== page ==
Thursday, July 21, 2011

How to Unravel Sweaters - Upcycling Wool, Cotton, Silk, etc.

Knitting with wool, cotton, and silks can be quite expensive.  Acrylic yarn is much more affordable and easy to find.  When knitting for a child, choosing acrylic yarn over specialty fibers may be the best option, because they're easy to launder.  Yet, wool and silk have that special texture and look that feels wonderful slipping through our fingers and catches our eye. How can we achieve all of our fiber wants and not break the bank?  Unraveling unwanted sweaters, blankets, or other items will allow you to use these beautiful fibers for much less. 

Here are some pictures of my very first unraveling projects.  I purchased the brown, 100% lambs wool, J.Crew sweater at a Salvation Army thrift store for $3.49.  It's not pretty, but the wool was great for what I wanted.  After taking the sweater apart, I knitted a Booga Bag.  The Booga Bag was knitted, then felted.  There was plenty of yarn left over, so I made a hat and mittens.  I still have more brown yarn.

Finding recyclable natural fibers is easier
than you may think. 
  • The first thing you should do is rummage through your own closet.   
    • You may have unwanted items waiting to be repurposed/upcycled. 
  • Make a trip to you local thrift store. 
    • Many thrift stores have half off days, which will allow you to purchase items very inexpensively. 
  • Stop at yard sales.
    • Don't be afraid to poke through the clothes table
  • Let your friends know you're looking for wool. 
    • They may have old things they no longer want.   

Strategies to use when on the hunt for natural fibers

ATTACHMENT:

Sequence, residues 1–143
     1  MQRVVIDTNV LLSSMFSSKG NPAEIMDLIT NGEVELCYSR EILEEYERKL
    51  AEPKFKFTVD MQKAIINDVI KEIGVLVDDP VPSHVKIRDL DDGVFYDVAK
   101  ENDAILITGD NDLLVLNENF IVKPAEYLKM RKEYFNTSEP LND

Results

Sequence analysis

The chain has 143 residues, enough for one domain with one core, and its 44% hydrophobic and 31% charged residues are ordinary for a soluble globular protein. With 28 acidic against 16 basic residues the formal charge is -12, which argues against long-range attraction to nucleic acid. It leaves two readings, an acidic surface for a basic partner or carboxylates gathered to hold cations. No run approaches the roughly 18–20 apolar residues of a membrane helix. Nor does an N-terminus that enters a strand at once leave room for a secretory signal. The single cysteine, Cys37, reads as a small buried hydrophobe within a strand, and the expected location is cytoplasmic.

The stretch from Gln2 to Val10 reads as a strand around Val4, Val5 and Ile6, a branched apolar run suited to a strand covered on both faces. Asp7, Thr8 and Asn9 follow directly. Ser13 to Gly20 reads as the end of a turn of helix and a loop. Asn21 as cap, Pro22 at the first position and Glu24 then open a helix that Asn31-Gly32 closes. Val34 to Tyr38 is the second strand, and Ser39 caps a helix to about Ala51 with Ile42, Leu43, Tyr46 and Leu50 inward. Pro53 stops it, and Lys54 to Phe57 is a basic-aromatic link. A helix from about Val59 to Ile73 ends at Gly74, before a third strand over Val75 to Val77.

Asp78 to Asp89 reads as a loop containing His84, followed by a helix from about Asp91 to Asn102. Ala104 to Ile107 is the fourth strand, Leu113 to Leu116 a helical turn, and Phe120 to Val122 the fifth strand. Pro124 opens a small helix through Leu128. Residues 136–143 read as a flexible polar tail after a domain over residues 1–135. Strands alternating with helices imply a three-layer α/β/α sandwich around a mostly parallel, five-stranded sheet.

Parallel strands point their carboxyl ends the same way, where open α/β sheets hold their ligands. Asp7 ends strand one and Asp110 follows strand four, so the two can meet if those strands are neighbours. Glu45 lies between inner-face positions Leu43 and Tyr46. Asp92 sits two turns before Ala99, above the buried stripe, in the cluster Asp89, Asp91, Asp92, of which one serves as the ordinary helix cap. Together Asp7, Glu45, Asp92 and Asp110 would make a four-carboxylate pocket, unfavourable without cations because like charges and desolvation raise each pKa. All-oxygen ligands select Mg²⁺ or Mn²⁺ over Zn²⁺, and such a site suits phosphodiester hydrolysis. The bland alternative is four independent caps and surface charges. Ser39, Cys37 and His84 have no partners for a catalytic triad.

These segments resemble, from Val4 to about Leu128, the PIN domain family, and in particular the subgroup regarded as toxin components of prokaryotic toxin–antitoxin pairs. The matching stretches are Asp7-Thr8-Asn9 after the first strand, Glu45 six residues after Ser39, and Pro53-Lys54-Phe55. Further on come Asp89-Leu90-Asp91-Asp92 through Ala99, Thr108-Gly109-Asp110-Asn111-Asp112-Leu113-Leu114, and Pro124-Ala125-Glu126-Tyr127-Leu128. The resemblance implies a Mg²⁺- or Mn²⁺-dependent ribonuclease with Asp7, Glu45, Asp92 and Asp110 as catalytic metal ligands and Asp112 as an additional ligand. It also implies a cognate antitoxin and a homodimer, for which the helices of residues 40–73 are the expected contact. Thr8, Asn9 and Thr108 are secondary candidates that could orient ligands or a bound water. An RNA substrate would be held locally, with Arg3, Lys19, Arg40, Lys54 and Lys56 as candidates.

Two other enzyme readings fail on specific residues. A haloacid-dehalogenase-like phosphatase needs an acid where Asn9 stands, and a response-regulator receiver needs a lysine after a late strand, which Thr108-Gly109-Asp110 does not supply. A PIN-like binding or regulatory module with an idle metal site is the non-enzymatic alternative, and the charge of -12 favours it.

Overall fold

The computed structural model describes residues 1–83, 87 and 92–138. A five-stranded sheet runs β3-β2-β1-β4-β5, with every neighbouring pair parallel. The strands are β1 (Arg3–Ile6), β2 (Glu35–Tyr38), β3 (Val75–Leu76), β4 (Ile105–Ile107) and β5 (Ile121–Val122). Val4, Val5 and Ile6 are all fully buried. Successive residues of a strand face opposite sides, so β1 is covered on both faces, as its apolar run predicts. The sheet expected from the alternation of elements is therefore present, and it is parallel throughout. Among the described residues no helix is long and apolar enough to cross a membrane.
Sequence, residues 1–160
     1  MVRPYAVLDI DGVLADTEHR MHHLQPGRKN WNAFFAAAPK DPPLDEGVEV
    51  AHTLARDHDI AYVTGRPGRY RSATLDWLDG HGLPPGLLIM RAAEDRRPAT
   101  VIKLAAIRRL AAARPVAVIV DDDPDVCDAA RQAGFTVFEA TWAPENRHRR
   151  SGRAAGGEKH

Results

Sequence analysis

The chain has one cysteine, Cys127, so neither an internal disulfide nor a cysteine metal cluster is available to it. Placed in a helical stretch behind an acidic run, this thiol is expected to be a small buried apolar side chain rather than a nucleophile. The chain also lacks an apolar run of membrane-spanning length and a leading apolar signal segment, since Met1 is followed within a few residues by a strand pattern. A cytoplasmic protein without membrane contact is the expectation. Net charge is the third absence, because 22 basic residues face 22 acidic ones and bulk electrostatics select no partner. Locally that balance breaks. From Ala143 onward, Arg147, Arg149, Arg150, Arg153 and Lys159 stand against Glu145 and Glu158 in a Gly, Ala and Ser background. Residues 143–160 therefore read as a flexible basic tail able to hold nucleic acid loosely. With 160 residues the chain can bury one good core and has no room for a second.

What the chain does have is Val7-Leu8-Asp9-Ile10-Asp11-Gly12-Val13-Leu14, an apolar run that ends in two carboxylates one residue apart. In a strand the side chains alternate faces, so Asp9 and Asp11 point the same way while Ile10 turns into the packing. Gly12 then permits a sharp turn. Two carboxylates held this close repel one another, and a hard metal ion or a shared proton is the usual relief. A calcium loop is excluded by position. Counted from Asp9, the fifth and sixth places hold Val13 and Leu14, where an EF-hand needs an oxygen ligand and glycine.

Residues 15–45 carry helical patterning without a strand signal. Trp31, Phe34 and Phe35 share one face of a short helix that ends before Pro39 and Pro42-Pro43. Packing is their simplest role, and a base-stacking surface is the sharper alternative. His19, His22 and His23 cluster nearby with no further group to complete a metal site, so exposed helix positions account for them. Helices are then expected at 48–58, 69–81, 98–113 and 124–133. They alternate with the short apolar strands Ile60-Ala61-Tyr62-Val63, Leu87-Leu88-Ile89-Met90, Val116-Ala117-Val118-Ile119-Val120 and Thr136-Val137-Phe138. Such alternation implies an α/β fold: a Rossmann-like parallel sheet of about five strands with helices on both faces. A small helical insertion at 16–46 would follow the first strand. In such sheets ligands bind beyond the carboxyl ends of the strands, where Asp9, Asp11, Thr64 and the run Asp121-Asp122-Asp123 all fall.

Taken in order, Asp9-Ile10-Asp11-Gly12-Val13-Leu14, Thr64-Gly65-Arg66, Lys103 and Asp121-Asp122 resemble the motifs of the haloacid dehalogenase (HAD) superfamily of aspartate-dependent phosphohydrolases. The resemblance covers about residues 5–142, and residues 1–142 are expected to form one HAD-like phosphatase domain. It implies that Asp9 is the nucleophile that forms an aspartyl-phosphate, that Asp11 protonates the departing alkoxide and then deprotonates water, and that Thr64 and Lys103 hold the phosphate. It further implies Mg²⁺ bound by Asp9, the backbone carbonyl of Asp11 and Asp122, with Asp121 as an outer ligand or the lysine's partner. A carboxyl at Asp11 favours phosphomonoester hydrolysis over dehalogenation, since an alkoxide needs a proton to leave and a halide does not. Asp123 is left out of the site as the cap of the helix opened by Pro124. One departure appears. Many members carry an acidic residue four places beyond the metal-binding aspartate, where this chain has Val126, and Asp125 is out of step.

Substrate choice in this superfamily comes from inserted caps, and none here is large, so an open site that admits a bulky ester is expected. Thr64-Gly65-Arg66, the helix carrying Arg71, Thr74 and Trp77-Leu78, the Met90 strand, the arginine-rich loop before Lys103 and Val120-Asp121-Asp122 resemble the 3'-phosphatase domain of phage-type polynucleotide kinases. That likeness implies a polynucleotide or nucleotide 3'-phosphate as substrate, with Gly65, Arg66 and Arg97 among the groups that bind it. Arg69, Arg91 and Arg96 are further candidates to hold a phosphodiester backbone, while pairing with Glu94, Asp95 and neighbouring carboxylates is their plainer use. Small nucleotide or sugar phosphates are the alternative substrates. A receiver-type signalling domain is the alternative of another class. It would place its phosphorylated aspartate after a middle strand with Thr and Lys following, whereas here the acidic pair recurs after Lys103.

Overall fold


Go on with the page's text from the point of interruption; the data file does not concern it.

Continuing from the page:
• Read labels
    • Know what you're looking for
    • 100% wool, or wool blends are great finds. 
    • 100% cotton, Cotton/Ramie blend (Ramie is a natural fiber, which is softer than cotton) 
    • 100% silk or silk blends
  • Search for big sweaters. Large sweaters provide the greatest amounts of yarn.
  • Have an idea of what you want to make, and be aware of the thickness of the yarn. 
    • Thinner ply yarns can be doubled, but they won't be twisted together and may not give you the look you want.
  • Look inside sweaters to see what kind of seams were used to sew the item together.
    • If all the seams are serged, don't bother with it.  The yarn will come apart in many little pieces
    • If it's a hand knit sweater, it will take a little more effort to take the seams apart, because each piece was hand sewn together with a needle.  Stitches will need to be pulled out individually.  If you love the yarn it's made from, go for it.  It will be worth the time and effort.
    • If the seams are machine sewn, the stitching will be in about 1/4 inch from the edge.  This kind of stitching can easily be pulled out without much trouble.  The edges of each piece should be visible and look like the edge of any hand knit item. 
  • Scan for stains, and decide if you can work around them and still have enough yarn left over.
  • Watch for moth holes
    • One or two holes isn't a big deal
  • When choosing wool items, make sure the wool hasn't felted.
    • If you like the color of an item that has felted some, you may want to use that item for a felted craft project.